South Africa Plans New National Airline

Filed Under: South African Airways

A few days ago we learned that South African Airways is preparing to liquidate, as the government has refused further funding for the airline, and will soon be laying off all staff. The airline has been losing money for many years, though the current situation has made matters even worse.

Well, it appears like the situation might not be quite as we expected.

South Africa to form new national airline

Reuters is reporting the South African government has made it clear that they intend to create a new financially viable and competitive airline from the current business rescue process.

This came via a statement from South Africa’s public enterprises ministry, as the government will work with SAA trade unions to preserve as many jobs as possible.

I’m skeptical…

I’m skeptical about the prospects of this for a couple of reasons:

  • The government is not in a position to provide more capital for SAA, but presumably any sort of airline reboot would be extremely costly
  • I can’t think of many examples of airline reboots that succeeded in this manner, where a national airline supported by the government technically goes out of business, and then a new, successful national airline emerges, presumably still supported by the government (it actually sounds a bit like Air Zimbabwe)

South Africa needs a good regional airline

When writing about SAA potentially liquidating, I posed the question of whether South Africa would get a new national airline, so I guess I wasn’t too far off.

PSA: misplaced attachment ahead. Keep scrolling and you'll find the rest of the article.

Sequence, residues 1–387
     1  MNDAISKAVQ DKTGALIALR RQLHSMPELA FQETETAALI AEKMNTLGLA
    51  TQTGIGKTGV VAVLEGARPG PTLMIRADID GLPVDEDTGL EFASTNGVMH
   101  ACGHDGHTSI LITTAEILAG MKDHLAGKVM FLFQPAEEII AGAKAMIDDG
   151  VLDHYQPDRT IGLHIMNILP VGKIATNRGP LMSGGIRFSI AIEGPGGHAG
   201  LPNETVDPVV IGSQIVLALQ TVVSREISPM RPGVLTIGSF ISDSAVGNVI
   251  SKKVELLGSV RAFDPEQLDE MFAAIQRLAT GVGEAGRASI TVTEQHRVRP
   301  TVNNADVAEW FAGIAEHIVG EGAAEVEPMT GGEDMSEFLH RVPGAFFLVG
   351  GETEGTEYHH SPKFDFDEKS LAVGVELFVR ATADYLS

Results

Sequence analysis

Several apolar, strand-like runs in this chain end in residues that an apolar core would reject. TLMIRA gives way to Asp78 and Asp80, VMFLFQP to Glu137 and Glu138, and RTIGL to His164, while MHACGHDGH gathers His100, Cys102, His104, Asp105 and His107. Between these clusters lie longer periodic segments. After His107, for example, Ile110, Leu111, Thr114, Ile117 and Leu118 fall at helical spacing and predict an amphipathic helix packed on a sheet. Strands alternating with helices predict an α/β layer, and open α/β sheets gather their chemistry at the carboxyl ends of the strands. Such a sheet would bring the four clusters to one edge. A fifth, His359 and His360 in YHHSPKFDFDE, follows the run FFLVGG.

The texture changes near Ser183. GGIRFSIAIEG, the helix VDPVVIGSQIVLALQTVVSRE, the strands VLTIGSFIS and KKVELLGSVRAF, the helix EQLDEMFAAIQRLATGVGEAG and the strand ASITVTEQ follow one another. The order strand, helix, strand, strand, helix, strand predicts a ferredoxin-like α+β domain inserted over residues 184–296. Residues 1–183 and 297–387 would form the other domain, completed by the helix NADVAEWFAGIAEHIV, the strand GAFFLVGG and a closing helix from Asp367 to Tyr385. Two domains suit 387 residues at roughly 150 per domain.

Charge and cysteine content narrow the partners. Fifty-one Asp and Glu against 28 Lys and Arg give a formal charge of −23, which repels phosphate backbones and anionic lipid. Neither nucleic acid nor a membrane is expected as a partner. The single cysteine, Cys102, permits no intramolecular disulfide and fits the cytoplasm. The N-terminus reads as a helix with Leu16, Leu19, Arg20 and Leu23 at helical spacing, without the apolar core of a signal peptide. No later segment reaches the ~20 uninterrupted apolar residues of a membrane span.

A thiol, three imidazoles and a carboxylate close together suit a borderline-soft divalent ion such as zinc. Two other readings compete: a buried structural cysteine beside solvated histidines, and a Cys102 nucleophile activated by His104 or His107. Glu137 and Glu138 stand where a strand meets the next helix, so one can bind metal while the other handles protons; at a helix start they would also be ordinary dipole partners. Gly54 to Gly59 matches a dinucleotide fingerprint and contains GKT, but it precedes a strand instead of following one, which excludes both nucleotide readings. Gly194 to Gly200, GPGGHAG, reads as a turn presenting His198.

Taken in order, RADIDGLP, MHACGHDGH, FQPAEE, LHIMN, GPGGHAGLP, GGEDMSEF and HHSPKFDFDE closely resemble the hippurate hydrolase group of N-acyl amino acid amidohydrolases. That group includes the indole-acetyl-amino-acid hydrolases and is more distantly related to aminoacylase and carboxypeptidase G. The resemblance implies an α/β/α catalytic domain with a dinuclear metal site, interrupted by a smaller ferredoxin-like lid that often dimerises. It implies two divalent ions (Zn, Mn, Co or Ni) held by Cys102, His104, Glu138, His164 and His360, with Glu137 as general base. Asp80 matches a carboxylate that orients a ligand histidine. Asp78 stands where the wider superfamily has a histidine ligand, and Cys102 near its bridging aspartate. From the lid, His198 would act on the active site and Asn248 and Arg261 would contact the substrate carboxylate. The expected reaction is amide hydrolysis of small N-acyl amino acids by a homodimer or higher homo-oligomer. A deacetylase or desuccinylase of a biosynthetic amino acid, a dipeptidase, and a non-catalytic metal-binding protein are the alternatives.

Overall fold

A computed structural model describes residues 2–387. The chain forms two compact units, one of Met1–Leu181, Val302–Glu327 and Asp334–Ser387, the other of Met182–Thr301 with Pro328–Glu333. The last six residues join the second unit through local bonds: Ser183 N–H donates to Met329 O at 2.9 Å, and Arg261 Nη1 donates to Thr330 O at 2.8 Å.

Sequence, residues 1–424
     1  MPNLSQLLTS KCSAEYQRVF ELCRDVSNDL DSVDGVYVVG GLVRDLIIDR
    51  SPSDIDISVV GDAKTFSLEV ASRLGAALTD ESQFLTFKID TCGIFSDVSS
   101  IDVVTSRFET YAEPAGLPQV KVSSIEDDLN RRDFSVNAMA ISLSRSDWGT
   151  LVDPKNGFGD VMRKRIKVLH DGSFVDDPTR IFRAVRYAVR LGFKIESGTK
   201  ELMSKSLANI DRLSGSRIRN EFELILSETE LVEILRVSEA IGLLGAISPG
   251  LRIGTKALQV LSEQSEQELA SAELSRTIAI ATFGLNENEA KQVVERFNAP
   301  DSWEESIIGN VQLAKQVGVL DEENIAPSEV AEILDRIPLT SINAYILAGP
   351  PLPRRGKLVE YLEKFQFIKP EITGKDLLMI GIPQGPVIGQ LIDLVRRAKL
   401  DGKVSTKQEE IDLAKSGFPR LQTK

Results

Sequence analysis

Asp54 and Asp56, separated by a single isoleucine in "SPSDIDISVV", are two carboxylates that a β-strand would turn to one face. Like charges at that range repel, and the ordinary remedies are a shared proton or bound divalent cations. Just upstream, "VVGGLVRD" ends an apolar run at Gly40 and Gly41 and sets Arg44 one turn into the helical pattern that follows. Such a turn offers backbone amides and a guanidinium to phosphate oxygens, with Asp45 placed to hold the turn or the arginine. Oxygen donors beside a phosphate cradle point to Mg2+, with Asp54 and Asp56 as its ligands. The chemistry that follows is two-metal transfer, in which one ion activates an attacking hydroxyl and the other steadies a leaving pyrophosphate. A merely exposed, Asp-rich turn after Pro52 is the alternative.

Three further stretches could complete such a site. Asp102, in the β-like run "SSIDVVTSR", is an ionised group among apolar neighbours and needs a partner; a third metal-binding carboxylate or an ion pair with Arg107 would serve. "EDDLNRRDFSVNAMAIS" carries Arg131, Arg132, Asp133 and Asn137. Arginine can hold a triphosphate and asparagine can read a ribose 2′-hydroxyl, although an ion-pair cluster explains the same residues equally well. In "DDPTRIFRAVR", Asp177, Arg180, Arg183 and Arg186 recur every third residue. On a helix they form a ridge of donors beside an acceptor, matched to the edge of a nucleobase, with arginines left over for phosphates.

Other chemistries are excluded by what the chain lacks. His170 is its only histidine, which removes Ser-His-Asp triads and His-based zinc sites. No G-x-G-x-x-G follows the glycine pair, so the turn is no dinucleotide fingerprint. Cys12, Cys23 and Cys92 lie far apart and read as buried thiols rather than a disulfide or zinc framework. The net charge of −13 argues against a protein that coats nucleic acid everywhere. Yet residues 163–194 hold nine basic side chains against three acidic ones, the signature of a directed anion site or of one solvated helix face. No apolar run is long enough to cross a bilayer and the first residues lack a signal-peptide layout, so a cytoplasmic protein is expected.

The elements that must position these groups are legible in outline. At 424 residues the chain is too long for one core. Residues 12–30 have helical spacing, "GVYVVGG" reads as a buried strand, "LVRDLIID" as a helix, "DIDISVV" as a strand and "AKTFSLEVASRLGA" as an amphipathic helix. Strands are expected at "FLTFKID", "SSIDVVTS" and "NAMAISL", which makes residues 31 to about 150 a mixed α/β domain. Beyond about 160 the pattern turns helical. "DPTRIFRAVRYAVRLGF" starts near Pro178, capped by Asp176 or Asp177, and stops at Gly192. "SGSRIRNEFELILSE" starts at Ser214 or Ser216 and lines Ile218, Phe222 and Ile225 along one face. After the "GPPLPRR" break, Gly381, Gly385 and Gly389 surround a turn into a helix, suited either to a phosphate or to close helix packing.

In my opinion what South Africa needs is an airline that offers a good network domestically and regionally, rather than a good long haul network.

When you look at the South African Airways “family” right now, you have:

  • South African Airways
  • Mango, which is South African Airways’ wholly owned low cost carrier subsidiary
  • SA Express, which isn’t owned by South African Airways, but which operates as a regional airline for the carrier

Between those operations, a new airline would have to figure out a cohesive way to offer regional service.

I don’t think South Africa actually needs a long haul airline, because these routes can be tough to operate in a profitable manner without a bigger strategy:

  • The Gulf carriers all fly to South Africa, offering connectivity to all parts of the globe
  • Most major European airlines fly to South Africa, also offering good connectivity
  • Ethiopian Airlines is a powerhouse in Africa, so we could see them increase connectivity to South Africa, so you can get to most points in the world in one stop

Even out of South Africa, South African Airways hasn’t been able to compete with other airlines in terms of price, product, and schedule.

Bottom line

South Africa plans on creating a new national airline, which has me questioning if they actually plan on cutting off SAA at all.

If there’s any chance of things actually changing, I really think they need to shut down SAA altogether, and then start from scratch, because otherwise it’s unlikely that any of the core problems of the airline will actually be addressed.

If a new airline does emerge, I strongly believe the focus has to be on offering regional connectivity, and having one or two strong partnerships (or even joint ventures) for global connectivity.

What would you like to see from a new national airline in South Africa?

Comments
  1. There is a more detailed update from Reuters later on: https://www.reuters.com/article/safrica-saa/update-1-south-africa-aiming-for-new-viable-airline-from-saa-business-rescue-idUSL5N2C937H